An attempt to hack Trump's tax returns may be the reason the IRS tool was shut down

The unusual suspension of a tool widely used to complete the FAFSA may have been the result of a Louisiana private investigator's unlawful attempt to obtain President Trump's tax records, reports suggest.

The data-retrieval tool is a feature within the FAFSA forms that allows students to directly import tax information from the Internal Revenue Service (IRS). The Department of Education suspended the tool in March, citing security concerns. There were some concerns that the tool's suspension would make financial aid paperwork more time-consuming for colleges to process due to the burden of having to find or request old tax documents, but the Department of Education slightly eased that burden after announcing they would be more flexible.

However, filling out the FAFSA without the IRS tool is still a confusing and time-consuming process for students.

"The [tool] outage harms students and families in multiple ways, making the FAFSA more difficult to complete, making more students subject to verification, and leaving families with fewer available financial aid office resources for help navigating the financial aid process," says Justin Draeger, president of the National Association of Student Financial Aid Administrators (NASFAA).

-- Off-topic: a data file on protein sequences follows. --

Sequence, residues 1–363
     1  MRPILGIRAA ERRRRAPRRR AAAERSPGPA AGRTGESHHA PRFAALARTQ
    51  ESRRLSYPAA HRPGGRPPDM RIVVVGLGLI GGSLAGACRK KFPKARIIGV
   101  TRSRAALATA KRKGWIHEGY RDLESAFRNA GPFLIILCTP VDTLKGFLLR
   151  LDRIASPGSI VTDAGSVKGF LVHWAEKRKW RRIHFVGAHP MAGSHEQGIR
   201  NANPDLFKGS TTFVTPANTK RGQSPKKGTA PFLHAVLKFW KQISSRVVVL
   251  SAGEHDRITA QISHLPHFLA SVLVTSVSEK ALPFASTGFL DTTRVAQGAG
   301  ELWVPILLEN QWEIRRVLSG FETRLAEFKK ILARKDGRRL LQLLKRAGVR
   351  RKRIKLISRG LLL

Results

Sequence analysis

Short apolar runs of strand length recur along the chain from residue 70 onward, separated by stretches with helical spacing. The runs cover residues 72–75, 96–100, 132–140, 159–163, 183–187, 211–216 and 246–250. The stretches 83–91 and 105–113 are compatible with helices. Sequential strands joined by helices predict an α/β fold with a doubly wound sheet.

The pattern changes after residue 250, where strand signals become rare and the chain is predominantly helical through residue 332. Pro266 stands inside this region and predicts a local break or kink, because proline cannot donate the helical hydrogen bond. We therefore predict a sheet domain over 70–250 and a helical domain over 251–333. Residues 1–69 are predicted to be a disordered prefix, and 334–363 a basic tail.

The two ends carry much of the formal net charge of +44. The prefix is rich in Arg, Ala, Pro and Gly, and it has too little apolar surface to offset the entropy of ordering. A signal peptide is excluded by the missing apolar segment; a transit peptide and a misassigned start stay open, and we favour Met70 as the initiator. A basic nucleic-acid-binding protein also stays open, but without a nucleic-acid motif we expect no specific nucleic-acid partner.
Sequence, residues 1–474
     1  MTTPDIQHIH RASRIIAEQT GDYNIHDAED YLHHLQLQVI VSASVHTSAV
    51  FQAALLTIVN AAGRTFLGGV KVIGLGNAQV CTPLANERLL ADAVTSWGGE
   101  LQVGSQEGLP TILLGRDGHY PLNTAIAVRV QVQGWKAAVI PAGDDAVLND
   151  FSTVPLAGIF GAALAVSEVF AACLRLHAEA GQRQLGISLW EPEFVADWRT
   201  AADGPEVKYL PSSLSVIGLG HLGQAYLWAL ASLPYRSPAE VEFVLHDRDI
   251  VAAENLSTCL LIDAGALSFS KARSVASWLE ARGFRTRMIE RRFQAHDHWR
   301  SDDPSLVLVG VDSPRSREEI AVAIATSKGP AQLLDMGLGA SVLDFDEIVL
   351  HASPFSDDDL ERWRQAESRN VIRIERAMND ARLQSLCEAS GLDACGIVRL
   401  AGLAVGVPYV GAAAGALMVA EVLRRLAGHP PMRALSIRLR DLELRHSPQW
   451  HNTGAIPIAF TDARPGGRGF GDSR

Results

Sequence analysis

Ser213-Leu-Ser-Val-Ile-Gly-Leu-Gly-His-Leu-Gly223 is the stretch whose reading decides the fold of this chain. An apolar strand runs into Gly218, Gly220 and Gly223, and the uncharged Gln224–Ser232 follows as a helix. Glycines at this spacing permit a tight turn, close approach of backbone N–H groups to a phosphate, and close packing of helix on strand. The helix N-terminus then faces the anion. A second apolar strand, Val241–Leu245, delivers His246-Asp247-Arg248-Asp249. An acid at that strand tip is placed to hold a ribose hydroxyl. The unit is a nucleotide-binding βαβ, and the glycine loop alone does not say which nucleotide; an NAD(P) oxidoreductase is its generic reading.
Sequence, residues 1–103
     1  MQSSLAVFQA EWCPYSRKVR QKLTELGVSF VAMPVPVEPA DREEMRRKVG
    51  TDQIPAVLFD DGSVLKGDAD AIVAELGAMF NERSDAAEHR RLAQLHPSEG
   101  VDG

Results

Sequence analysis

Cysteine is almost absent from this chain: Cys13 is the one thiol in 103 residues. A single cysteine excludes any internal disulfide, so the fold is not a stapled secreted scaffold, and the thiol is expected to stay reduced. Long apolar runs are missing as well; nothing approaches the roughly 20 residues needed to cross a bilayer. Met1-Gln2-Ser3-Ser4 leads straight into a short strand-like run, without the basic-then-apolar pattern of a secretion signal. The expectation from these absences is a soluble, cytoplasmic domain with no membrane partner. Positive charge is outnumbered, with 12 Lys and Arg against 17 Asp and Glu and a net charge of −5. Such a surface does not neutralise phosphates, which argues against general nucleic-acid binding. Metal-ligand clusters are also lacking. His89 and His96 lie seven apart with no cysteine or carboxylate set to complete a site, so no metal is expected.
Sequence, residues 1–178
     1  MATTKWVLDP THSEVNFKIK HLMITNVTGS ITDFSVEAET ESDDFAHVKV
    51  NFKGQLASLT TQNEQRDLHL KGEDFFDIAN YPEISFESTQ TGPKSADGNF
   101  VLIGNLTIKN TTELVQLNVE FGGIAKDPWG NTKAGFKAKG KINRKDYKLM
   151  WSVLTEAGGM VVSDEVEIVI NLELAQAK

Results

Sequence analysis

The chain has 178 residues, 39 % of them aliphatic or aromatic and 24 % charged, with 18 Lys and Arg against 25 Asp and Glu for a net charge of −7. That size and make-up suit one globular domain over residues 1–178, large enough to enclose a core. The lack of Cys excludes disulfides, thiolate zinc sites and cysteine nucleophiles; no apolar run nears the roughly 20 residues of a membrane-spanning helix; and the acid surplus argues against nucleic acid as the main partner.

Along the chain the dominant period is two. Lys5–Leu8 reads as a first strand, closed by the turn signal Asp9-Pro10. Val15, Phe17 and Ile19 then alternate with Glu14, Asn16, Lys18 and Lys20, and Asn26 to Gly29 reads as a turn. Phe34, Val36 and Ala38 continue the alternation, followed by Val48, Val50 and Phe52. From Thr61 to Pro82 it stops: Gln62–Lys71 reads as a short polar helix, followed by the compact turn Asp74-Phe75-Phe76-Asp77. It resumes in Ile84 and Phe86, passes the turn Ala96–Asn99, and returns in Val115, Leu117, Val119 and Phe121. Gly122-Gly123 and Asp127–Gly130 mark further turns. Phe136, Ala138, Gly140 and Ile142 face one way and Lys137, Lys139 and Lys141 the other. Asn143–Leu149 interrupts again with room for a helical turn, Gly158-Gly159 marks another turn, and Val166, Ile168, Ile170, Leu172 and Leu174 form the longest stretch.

Federal officials have been somewhat vague about what caused the suspension in the first place. Now, court records obtained by Diverse Issues in Higher Education may reveal the answer.

The records show that, in September 2016, a 31-year old private investigator in Louisiana named Jordan Hamlett was accused of entering a social security number into FAFSA that did not belong to him, which is a felony. The last four digits of the social security number are the same as those identified by an online "hacktivist" organization as belonging to then-presidential candidate Donald Trump. Providing a false social security number would have allowed Hamlett to give permission for the IRS to populate the FAFSA form with the tax information with which it corresponded.

That same month, John Koskinen, the IRS commissioner, announced to Congress that he had security concerns about the data-retrieval tool.

In October 2016, Hamlett discussed his attempt during an interview with the FBI. In November, he was arrested but released on the condition that he be monitored by law enforcement and not use internet capable devices (Abdul-Alim, Diverse Issues in Higher Education, 5/21; Brown/Douglas-Gabriel, Washington Post, 5/22).

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